Should schools stop having holiday parties? - Page 3 - Mothering Forums
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#61 of 73 Old 11-02-2013, 08:53 PM
 
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I'm not sure about other schools but our school is fairly vigilant with allergies. We are a nut-free classroom as there is one (or more) student that is deathly allergic to nuts. Every start of the schoolyear,  we are given the official notice that our classroom is nut-free due to allergies. Oh and our whole school is latex-free too so we get that notice as well.

When parents bring their homemade/pinterest treats, they make sure that it is nut-free. For those who know that there is a glutein and dairy sensitivity in the class too, they bring bday treats that are GFCF free too. During field trips, we are constantly reminded to keep lunches nut-free because there aren't necessarily designated seating spots for those who have said allergies.

IMO, those are reasonable accommodations. I have had to be more vigilant about the snacks that I send my child so yes, we of the allergy free world do adjust as well.

 

For those where all food is kept out of the classroom, are snacks eaten outside the classroom as well?

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#62 of 73 Old 11-02-2013, 10:30 PM
 
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Sorry if it's extremist to not want your child to see another child die during the course of the school day. .....  As always, the bullying attitudes can most often be traces to parents such as you who refuse to give up your need for your latest Pintrest ideas to be delivered to a classroom of kids with no worry if it'll kill someone!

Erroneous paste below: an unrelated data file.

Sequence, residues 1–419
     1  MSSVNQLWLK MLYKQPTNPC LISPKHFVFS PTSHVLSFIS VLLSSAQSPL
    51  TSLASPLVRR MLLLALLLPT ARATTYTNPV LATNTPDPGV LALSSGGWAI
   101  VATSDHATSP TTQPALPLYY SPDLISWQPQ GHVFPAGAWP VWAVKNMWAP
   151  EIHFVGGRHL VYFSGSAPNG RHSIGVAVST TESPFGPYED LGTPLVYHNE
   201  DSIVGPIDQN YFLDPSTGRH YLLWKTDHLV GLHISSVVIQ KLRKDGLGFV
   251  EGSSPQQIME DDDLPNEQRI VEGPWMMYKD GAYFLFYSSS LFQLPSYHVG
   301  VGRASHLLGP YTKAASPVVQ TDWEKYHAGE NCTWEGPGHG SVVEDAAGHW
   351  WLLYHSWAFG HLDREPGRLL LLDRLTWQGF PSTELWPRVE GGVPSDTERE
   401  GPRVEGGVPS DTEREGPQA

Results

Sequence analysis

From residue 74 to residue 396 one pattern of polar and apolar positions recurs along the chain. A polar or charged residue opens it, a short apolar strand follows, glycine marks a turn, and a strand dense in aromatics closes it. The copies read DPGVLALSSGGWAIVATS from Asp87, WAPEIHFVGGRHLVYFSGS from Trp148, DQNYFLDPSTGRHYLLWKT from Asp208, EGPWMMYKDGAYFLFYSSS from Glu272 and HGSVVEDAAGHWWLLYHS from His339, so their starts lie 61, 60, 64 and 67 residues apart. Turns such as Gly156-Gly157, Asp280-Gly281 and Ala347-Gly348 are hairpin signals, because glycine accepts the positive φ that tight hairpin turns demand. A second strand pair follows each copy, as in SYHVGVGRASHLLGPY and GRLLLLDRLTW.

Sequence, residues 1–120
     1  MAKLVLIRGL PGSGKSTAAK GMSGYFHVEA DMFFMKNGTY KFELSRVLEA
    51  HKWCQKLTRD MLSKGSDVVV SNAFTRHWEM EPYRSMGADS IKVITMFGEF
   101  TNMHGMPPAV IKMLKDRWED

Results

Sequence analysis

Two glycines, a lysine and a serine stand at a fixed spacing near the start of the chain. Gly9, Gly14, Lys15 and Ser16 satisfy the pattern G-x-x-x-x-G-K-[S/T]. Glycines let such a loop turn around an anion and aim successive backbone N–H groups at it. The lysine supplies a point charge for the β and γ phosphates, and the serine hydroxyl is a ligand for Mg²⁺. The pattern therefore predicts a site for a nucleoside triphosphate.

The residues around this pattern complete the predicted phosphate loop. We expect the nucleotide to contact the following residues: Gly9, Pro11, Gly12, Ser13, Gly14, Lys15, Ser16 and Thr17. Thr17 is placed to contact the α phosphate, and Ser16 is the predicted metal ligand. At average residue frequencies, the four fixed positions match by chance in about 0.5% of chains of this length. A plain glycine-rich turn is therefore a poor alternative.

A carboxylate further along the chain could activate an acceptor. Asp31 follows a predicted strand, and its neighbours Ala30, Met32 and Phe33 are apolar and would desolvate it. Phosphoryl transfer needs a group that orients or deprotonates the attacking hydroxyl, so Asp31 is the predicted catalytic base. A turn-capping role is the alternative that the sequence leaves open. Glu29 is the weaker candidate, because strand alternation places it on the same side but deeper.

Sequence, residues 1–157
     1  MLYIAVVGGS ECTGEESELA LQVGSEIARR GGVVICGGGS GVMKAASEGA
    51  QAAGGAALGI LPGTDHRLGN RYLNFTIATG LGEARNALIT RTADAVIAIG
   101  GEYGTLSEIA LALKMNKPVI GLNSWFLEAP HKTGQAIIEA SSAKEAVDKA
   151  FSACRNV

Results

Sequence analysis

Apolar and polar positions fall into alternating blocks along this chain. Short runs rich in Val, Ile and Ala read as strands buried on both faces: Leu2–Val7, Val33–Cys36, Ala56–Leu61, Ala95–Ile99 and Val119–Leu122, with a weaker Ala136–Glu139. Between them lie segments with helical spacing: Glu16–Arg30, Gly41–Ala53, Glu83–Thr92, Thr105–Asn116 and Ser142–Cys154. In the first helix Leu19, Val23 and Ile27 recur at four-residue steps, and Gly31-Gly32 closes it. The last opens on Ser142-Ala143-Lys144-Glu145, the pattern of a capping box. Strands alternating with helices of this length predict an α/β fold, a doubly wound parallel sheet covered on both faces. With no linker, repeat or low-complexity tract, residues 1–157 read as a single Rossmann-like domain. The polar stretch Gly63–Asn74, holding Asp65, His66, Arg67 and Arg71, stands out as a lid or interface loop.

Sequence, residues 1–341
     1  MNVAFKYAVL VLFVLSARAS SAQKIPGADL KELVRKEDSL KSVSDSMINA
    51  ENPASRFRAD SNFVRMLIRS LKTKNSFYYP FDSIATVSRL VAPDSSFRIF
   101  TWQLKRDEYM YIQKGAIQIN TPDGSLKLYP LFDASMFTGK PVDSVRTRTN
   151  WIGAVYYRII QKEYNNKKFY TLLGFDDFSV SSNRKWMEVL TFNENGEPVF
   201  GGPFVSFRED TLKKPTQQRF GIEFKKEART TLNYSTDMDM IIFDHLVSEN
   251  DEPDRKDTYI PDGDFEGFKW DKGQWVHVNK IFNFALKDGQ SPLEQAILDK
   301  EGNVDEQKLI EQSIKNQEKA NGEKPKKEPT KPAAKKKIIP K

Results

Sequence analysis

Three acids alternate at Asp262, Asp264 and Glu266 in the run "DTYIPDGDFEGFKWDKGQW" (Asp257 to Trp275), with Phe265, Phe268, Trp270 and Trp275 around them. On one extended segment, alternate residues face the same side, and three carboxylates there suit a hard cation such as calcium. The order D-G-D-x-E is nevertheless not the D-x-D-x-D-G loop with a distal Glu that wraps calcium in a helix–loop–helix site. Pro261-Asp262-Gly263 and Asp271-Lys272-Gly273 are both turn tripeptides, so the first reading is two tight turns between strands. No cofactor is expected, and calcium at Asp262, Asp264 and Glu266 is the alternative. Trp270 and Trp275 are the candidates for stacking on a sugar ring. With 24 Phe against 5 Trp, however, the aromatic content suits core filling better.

you are so far off. I work at a school and work to ensure student safety, both physically and emotional.  I am concerned about everything in that comes in contact with my students how it effects them. I would never allow anything into the room if there were a serious likelihood it could hurt one of them.

 

However, I don't have any reason to stop things coming in the room that pose a danger to any of the children in the room. That doesn't make any sense, and you asserting that it makes me a bully is absurd.

 

I do want to make sure they kids have as much fun at school as possible, because I'm a nice person who likes to see children have fun.


but everything has pros and cons  shrug.gif

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#63 of 73 Old 11-03-2013, 02:52 AM
 
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My school district adopted a fairly strict new wellness policy last year. Food can not be used in the classroom unless the teacher has gotten approval and it's related to the curriculum. That means that birthdays and parties are treat-free. Honestly, the kids have not noticed the difference, at least at the elementary level. There are still games, crafts, and stories. Halloween is so much nicer when the kids haven't also had crap at school.

As an educator who has worked with children in poverty and is a foster parent, I've never supported the use of food as a play material. I generally don't see things like cornstarch to be in that category.
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#64 of 73 Old 11-03-2013, 04:01 AM